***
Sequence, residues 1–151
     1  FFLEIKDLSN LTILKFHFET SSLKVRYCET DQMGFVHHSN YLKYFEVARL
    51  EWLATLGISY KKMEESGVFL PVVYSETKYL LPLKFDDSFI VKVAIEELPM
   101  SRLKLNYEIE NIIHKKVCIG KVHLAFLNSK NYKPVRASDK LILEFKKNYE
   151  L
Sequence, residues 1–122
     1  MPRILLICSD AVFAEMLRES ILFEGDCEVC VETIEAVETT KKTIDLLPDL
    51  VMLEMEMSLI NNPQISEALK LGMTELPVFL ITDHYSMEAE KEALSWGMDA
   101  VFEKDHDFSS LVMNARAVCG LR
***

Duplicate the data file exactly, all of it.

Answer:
Sequence, residues 1–151
     1  FFLEIKDLSN LTILKFHFET SSLKVRYCET DQMGFVHHSN YLKYFEVARL
    51  EWLATLGISY KKMEESGVFL PVVYSETKYL LPLKFDDSFI VKVAIEELPM
   101  SRLKLNYEIE NIIHKKVCIG KVHLAFLNSK NYKPVRASDK LILEFKKNYE
   151  L
Sequence, residues 1–122
     1  MPRILLICSD AVFAEMLRES ILFEGDCEVC VETIEAVETT KKTIDLLPDL
    51  VMLEMEMSLI NNPQISEALK LGMTELPVFL ITDHYSMEAE KEALSWGMDA
   101  VFEKDHDFSS LVMNARAVCG LR